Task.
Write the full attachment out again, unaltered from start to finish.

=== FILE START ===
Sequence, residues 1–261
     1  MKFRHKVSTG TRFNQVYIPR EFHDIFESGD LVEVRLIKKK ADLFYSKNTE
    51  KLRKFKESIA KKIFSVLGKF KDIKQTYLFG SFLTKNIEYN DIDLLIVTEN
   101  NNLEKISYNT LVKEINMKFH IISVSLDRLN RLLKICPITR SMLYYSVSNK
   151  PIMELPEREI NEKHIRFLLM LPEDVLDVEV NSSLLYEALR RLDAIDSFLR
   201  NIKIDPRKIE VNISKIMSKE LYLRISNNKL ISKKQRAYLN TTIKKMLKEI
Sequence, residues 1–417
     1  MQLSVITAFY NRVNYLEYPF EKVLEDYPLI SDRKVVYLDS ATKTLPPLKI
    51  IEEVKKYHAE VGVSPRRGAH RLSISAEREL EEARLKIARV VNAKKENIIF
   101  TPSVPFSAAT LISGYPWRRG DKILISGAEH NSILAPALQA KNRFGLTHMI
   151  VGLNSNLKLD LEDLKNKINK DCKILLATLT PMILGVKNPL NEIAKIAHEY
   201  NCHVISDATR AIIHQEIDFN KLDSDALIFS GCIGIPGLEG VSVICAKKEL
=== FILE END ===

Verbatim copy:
Sequence, residues 1–261
     1  MKFRHKVSTG TRFNQVYIPR EFHDIFESGD LVEVRLIKKK ADLFYSKNTE
    51  KLRKFKESIA KKIFSVLGKF KDIKQTYLFG SFLTKNIEYN DIDLLIVTEN
   101  NNLEKISYNT LVKEINMKFH IISVSLDRLN RLLKICPITR SMLYYSVSNK
   151  PIMELPEREI NEKHIRFLLM LPEDVLDVEV NSSLLYEALR RLDAIDSFLR
   201  NIKIDPRKIE VNISKIMSKE LYLRISNNKL ISKKQRAYLN TTIKKMLKEI
Sequence, residues 1–417
     1  MQLSVITAFY NRVNYLEYPF EKVLEDYPLI SDRKVVYLDS ATKTLPPLKI
    51  IEEVKKYHAE VGVSPRRGAH RLSISAEREL EEARLKIARV VNAKKENIIF
   101  TPSVPFSAAT LISGYPWRRG DKILISGAEH NSILAPALQA KNRFGLTHMI
   151  VGLNSNLKLD LEDLKNKINK DCKILLATLT PMILGVKNPL NEIAKIAHEY
   201  NCHVISDATR AIIHQEIDFN KLDSDALIFS GCIGIPGLEG VSVICAKKEL